Some anthropologists believe that the structure of the human hand (including the wrist) is one of the keys to our species’ amazing success on planet Earth. While other primates possess opposable thumbs, only human beings can bring our thumb all the way across our hand to our little finger. We can flex both the ring finger and the little finger toward the base of the thumb, allowing for a powerful grip and an amazing ability to hold and manipulate tools. Unfortunately, the ability to perform such fine and intricate tasks also sometimes leads to the most common WEAR and TEAR Injury: Carpal Tunnel Syndrome (CTS).
Carpal Tunnel Syndrome: What is it?
Generally speaking, CTS is a hand and arm condition that causes numbness, tingling, and even loss of strength and dexterity in the hand. The condition is caused by a pinched nerve in your wrist. A number of factors, including the anatomy of your wrist, the existence of various underlying health conditions, and patterns of hand movements (in the workplace) can contribute to or cause CTS.
The carpal tunnel itself is a narrow passageway on the palm side of your wrist that protects one of the primary nerves to your hand and the nine tendons that allow you to bend your fingers. Sometimes, the nerve becomes compressed, causing numbness, tingling, and eventually, hand weakness.
Physicians have identified a number of risk factors associated with carpal tunnel syndrome. They include the following.
Anatomic factors: A wrist fracture or dislocation that alters the space within the carpal tunnel can create extraneous pressure on the median nerve.
Sex: CTS is more common in women, perhaps due to the fact that the carpal tunnel area is relatively smaller in women than in men.
Chronic health conditions: Some illnesses, such as diabetes, increase your risk of nerve damage, including damage to your median nerve. Rheumatoid arthritis can also affect the tendons in your wrist, exerting pressure on your median nerve.
Workplace conditions: Working with vibrating tools or on an assembly line that requires prolonged or repetitive flexing of the wrist may create harmful pressure on the median nerve or worsen existing nerve damage. Several studies have shown an association between intense computer or keyboard use and CTS.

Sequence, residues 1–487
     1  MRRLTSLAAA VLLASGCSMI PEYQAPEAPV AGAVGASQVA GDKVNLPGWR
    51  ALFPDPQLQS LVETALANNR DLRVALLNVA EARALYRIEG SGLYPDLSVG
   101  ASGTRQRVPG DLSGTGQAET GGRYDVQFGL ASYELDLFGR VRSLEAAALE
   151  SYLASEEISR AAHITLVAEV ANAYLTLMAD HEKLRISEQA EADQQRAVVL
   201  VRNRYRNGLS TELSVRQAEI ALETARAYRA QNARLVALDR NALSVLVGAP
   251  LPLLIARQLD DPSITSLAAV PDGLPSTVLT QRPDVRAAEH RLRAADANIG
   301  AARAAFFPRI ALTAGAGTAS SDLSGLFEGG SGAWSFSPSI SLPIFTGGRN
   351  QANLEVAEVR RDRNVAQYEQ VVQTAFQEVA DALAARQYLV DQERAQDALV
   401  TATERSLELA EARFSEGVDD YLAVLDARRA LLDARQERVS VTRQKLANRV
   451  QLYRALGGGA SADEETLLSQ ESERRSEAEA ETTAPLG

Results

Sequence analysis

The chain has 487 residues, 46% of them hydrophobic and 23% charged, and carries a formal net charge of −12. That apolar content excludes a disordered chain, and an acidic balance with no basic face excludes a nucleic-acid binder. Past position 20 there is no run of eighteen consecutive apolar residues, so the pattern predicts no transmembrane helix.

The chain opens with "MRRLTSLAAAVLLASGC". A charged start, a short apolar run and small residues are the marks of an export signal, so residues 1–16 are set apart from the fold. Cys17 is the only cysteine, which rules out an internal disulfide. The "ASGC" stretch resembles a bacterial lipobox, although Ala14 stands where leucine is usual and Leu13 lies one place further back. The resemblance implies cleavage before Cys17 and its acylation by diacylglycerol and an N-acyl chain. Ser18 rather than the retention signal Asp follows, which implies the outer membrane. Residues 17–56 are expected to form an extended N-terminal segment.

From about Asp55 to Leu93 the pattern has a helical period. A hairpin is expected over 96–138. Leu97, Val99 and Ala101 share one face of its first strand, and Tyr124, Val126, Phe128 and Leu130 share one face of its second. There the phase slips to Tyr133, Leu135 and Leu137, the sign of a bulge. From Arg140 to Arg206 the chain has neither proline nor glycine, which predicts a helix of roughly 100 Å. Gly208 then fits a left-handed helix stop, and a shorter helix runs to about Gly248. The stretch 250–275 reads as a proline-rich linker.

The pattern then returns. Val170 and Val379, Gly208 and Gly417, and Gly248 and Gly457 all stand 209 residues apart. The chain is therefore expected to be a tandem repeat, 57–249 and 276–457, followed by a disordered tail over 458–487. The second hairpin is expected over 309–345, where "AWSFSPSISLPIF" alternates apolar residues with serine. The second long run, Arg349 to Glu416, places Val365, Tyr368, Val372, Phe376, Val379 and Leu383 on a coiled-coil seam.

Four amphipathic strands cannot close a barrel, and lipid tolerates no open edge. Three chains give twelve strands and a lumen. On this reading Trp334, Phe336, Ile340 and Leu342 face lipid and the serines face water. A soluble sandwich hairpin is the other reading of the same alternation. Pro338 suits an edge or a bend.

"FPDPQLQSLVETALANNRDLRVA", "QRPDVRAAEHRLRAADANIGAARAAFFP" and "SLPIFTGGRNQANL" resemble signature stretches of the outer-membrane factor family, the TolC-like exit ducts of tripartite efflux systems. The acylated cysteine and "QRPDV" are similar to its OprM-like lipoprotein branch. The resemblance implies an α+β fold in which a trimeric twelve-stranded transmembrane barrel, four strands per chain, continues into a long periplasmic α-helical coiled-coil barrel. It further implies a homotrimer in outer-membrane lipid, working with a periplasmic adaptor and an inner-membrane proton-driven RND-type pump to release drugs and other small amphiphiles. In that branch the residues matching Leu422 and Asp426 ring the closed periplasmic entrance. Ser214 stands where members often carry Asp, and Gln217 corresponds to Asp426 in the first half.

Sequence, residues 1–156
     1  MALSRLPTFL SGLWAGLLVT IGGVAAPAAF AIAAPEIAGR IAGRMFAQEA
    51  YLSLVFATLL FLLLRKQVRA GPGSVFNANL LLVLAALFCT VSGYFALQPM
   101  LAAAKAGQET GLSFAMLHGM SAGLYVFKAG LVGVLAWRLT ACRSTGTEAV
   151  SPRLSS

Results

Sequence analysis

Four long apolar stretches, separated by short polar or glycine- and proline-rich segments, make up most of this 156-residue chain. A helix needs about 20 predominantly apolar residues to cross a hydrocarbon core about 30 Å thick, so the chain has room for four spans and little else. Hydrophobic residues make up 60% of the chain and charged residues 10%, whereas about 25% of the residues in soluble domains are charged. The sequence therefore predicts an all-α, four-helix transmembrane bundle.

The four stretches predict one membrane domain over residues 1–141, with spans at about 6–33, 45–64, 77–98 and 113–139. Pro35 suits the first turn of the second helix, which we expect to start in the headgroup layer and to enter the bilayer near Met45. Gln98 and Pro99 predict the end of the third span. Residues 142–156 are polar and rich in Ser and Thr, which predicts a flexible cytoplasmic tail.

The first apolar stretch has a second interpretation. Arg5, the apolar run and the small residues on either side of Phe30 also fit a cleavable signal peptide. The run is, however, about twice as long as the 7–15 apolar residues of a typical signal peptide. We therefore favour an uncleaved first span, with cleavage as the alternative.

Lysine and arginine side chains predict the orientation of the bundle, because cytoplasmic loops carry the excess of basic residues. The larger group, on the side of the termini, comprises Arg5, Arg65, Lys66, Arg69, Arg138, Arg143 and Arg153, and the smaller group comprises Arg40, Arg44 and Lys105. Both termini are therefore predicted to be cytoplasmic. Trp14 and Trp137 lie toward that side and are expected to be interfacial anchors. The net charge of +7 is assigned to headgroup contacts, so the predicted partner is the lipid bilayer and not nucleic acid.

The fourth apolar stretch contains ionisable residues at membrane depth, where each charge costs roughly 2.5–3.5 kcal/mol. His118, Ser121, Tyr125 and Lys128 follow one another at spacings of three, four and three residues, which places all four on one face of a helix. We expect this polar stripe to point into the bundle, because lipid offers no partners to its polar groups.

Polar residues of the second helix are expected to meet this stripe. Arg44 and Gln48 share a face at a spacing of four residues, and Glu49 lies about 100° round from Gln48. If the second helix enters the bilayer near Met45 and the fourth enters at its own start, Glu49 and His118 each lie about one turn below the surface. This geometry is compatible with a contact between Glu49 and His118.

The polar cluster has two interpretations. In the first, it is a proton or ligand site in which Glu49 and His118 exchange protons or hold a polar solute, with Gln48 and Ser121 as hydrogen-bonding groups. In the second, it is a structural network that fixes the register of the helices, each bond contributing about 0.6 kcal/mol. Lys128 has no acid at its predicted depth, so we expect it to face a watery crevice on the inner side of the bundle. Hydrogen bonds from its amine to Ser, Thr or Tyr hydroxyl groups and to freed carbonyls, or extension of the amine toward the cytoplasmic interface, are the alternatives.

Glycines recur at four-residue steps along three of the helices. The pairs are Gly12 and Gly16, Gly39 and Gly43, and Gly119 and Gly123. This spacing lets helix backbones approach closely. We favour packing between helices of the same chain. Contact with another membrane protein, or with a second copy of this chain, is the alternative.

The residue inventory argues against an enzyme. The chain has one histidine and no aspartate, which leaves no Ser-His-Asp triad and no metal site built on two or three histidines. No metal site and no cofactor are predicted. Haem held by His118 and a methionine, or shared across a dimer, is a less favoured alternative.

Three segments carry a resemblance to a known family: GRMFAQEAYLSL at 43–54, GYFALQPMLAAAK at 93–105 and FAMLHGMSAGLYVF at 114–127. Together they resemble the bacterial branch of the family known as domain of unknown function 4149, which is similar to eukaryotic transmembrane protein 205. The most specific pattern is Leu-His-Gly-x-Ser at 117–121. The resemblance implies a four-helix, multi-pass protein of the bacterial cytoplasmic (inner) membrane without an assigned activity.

Initial symptoms of CTS include numbness or tingling in your thumb, index, and middle fingers that comes and goes. The tingling may also be associated with discomfort in your wrist and hand. The sensation may extend from your wrist up your arm. Many people experience weakness in the hand, and a tendency to drop objects.
Conservative treatment is usually begun in patients with mild or moderate CTS. Doctors typically prescribe anti-inflammatory medications and wrist splints. This may be followed by cortisone injections, which can provide effective – although only temporary – relief. In more advanced cases, surgery has been effective. The surgical procedure is called carpal tunnel release. The surgery is minimally invasive and usually done under local anesthesia.
Many WEAR AND TEAR Injury Claims, Including Those Involving Carpal Tunnel Syndrome, Can Be Successful
If you have worked as a secretarial or data entry employee, a landscaping worker, in the construction trade, or in any field that requires significant, quick movement of the hands and wrists, and you’ve experienced pain and tingling in your hands, then you may have compensable CTS. In many cases, a diligent worker can recover workers’ compensation benefits, including medical care, for the slow, insidious, WEAR and TEAR to hands and wrists.
You Work Hard; Now Let Us Work Hard For You!
While CTS claims are not always easy to establish, at Petro Cohen, we have both the skill and experience required. We have helped many hard-working folks just like you. Call or contact Petro Cohen for a free consultation. Talk with a hard-working New Jersey workers’ compensation lawyer to find out how to recover money to pay for your medical treatment, physical therapy, and lost earnings. We can be reached by phone at 888-675-7607 or complete our online form. We look forward to discussing your situation with you.